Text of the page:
Before I begin complaining about changing the ribbon on my Lettera 32, let me share a little gorgeousness from uppercaseyyc’s incredible collection on Flickr. These old typewriter ribbon tins are individual masterpieces, but collectively they’re an absolute bouquet of vintage collectibles. Do take a look at her individual photographs of each tin – I dare you not to start a collection.
I’m going to have to look locally, though, because some of these badboys are going for upwards of twenty dollars apiece on Ebay. I can fill my house with with all manner of flea market/yard sale typewriters for that kind of cash. I’m not cheap, I’m just thrifty.
Now for the complaining. I just spent entirely too much time replacing a ribbon in an achingly sexy Olivetti Lettera 32 and it’s not an experience I want to repeat for a while. I assume it would be easier to replace a ribbon if I had, say, an operator’s manual with a step-by-inky-step guide, but I’m not sure. There are all manner of ribbon guides and things that screw on and off (right-y tight-y, left-y loose-y) as well as these THINGS that poke UP and are clearly meant to somehow KEEP the ribbon from TOUCHING THE PAPER.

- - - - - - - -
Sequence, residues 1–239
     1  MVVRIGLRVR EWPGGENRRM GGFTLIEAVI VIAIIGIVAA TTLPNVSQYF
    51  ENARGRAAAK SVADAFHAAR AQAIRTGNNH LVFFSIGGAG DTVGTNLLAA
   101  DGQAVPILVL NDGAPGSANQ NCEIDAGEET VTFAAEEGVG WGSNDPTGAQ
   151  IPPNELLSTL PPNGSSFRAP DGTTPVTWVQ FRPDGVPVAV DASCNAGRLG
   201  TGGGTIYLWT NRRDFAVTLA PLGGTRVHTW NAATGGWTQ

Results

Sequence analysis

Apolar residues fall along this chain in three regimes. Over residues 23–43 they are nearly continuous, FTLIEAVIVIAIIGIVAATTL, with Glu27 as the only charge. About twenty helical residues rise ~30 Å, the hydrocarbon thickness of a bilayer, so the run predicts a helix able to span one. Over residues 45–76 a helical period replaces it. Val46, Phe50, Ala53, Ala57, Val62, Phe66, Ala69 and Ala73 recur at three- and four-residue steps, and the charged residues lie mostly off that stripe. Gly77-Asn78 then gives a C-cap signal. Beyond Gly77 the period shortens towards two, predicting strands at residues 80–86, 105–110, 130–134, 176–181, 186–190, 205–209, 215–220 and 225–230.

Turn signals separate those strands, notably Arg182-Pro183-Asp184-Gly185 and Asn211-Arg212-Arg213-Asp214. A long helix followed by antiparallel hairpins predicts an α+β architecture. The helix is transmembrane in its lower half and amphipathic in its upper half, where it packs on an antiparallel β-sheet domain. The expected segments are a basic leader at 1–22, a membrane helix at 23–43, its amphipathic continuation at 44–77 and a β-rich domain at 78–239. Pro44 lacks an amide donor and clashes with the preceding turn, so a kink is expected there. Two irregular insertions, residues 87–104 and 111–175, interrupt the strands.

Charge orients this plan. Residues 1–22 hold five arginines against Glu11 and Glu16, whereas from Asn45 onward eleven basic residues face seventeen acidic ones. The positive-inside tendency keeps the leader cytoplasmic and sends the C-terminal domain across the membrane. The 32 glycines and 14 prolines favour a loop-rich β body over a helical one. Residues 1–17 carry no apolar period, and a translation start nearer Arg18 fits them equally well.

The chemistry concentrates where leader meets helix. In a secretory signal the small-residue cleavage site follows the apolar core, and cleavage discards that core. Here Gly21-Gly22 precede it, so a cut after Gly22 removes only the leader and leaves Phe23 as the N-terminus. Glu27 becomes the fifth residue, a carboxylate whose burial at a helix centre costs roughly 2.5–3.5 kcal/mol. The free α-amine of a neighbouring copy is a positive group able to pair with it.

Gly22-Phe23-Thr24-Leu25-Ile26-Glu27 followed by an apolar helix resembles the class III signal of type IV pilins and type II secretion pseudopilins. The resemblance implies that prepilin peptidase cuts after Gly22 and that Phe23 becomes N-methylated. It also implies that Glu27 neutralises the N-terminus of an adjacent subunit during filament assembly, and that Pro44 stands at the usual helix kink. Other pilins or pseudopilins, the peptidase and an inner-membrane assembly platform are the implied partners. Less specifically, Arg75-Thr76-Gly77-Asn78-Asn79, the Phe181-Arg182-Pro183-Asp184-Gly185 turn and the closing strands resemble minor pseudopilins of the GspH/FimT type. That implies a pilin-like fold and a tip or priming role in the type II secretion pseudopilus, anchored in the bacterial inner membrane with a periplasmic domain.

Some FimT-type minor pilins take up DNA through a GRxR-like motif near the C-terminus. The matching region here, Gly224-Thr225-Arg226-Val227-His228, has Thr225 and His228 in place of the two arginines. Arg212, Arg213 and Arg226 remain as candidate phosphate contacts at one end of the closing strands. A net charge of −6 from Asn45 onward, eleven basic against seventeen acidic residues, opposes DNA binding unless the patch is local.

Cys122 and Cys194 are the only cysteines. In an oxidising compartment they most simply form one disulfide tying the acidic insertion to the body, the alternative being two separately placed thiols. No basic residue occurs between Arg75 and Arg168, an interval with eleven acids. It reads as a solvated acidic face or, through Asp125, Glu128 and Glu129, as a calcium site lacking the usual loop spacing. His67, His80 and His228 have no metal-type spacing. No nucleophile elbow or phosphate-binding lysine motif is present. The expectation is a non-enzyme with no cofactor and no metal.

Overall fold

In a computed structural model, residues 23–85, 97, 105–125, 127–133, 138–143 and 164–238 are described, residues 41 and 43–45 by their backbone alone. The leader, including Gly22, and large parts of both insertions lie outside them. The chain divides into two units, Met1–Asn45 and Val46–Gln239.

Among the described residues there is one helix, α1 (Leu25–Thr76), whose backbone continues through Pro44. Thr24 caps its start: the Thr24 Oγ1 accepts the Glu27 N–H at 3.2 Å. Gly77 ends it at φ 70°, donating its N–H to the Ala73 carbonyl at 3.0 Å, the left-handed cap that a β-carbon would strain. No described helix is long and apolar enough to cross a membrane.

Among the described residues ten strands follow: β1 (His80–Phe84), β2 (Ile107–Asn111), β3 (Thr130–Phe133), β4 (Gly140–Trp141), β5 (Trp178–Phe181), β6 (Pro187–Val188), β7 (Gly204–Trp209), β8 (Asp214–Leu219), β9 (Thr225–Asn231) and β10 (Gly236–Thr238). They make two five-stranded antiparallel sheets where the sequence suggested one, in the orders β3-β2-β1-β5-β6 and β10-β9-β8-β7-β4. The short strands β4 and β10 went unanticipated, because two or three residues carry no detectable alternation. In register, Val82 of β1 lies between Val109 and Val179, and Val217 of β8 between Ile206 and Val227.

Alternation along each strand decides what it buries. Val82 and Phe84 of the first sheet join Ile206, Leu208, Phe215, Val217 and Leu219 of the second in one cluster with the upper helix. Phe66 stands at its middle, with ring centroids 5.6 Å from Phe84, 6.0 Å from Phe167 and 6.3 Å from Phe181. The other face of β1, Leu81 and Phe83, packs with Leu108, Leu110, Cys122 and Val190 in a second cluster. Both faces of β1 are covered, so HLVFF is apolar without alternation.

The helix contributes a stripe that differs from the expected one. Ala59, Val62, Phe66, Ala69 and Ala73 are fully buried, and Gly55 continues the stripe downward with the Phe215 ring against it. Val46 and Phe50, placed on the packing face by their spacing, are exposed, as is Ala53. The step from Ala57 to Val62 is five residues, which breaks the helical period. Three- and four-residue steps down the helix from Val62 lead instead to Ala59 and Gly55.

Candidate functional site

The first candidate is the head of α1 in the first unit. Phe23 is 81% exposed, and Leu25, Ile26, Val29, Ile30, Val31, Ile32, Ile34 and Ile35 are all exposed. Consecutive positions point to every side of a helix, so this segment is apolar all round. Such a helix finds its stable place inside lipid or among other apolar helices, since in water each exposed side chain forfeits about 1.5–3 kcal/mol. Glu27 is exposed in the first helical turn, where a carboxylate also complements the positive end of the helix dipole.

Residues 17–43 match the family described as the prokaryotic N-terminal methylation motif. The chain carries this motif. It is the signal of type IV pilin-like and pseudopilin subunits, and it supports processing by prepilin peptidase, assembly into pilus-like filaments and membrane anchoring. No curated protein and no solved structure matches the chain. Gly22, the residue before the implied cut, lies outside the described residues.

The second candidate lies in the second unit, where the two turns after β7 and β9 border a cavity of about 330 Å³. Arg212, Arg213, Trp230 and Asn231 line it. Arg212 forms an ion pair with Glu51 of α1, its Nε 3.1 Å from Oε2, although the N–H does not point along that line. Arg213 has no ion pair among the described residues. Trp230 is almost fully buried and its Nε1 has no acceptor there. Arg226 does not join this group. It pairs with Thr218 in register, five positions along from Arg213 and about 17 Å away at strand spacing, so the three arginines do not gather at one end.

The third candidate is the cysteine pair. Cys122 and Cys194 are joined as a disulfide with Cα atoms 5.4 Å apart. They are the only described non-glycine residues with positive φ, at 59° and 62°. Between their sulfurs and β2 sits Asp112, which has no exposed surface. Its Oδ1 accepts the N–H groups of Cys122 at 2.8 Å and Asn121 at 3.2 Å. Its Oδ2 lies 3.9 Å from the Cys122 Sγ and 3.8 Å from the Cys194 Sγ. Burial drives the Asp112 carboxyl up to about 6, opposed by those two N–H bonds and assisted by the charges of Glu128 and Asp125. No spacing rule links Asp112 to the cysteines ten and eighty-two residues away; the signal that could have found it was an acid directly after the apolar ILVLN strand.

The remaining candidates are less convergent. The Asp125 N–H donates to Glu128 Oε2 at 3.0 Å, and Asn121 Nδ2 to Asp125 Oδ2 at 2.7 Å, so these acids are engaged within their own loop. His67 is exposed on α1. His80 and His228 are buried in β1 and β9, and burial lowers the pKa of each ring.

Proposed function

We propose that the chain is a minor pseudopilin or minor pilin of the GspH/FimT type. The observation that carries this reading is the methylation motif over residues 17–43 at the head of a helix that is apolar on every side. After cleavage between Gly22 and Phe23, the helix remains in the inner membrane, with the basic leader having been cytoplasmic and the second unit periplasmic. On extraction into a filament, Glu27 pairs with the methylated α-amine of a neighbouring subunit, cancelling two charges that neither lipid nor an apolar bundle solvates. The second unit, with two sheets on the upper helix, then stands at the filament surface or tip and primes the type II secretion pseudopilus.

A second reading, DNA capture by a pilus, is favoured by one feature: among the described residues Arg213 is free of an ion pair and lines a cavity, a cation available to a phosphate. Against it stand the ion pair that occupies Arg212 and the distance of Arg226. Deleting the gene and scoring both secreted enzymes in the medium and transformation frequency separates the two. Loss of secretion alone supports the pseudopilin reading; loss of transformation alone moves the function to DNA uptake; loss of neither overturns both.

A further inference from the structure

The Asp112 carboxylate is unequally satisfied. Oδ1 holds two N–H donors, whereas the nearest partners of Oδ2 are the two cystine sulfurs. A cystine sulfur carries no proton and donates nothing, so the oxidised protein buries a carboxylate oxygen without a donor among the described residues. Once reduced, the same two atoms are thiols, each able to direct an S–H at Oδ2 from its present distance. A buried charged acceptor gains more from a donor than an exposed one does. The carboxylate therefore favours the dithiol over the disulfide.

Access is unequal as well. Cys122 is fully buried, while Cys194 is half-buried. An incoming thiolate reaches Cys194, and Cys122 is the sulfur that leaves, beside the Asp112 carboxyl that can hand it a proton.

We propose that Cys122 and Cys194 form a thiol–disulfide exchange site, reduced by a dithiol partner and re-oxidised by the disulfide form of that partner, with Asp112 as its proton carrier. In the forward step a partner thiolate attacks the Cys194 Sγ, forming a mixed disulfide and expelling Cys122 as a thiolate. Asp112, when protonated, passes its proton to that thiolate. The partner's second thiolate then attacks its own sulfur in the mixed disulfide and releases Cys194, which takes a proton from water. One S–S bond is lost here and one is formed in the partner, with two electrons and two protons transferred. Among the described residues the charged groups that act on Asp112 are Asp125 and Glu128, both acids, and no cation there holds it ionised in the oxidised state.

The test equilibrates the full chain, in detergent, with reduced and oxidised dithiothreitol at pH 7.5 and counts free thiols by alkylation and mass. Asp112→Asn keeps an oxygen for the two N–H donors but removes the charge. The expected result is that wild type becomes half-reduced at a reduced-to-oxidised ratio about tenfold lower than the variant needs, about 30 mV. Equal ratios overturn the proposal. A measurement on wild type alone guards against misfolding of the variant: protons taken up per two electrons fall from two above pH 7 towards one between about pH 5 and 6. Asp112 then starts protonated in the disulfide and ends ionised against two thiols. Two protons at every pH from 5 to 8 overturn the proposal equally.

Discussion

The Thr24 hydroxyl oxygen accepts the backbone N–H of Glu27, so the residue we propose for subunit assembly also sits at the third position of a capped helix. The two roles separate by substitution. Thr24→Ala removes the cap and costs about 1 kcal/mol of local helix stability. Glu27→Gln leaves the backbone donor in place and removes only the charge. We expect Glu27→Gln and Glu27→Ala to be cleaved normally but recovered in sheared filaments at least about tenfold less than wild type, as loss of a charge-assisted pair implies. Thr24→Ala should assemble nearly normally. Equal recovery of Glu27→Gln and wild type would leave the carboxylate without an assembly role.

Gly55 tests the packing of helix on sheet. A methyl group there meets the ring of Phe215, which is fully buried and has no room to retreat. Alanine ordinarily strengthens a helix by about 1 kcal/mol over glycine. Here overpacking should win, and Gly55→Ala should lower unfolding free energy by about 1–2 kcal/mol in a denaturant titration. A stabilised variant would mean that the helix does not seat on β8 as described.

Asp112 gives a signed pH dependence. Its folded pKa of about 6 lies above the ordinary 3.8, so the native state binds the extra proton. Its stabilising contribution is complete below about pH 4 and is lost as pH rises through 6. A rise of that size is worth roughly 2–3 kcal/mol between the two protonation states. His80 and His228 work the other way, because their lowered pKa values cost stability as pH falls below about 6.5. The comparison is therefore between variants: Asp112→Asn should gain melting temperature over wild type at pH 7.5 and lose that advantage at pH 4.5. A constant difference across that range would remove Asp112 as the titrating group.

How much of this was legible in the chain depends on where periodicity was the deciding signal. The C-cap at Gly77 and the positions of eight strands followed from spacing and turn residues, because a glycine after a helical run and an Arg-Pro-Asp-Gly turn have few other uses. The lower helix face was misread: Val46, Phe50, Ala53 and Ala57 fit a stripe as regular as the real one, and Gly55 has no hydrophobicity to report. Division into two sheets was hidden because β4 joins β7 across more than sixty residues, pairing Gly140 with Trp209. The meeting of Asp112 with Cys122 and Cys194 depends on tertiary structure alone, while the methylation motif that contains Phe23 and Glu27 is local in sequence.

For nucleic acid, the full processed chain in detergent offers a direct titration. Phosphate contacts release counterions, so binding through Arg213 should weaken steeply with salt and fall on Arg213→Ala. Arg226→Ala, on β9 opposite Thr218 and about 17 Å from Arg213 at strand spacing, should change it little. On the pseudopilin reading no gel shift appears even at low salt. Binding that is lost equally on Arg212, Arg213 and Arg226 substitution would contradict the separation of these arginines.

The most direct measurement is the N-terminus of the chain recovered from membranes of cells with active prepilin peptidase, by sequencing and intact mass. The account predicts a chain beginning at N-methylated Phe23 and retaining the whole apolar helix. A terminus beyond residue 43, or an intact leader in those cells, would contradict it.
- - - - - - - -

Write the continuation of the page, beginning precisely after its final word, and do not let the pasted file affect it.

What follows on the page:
Well, I eventually figured it out but not before completely ruining my manicure. I’ve changed ribbon in all my typewriters and have never had such a snafu. It was like something out of I Love Lucy. The thing is done now, and I’m feeling a little pleased with myself for figuring it out sans written directions. Not that it would have helped.
I’m buying a box of surgical gloves for next time. This re-manicure is going to cost me at least one Empress typewriter tin. Maybe two.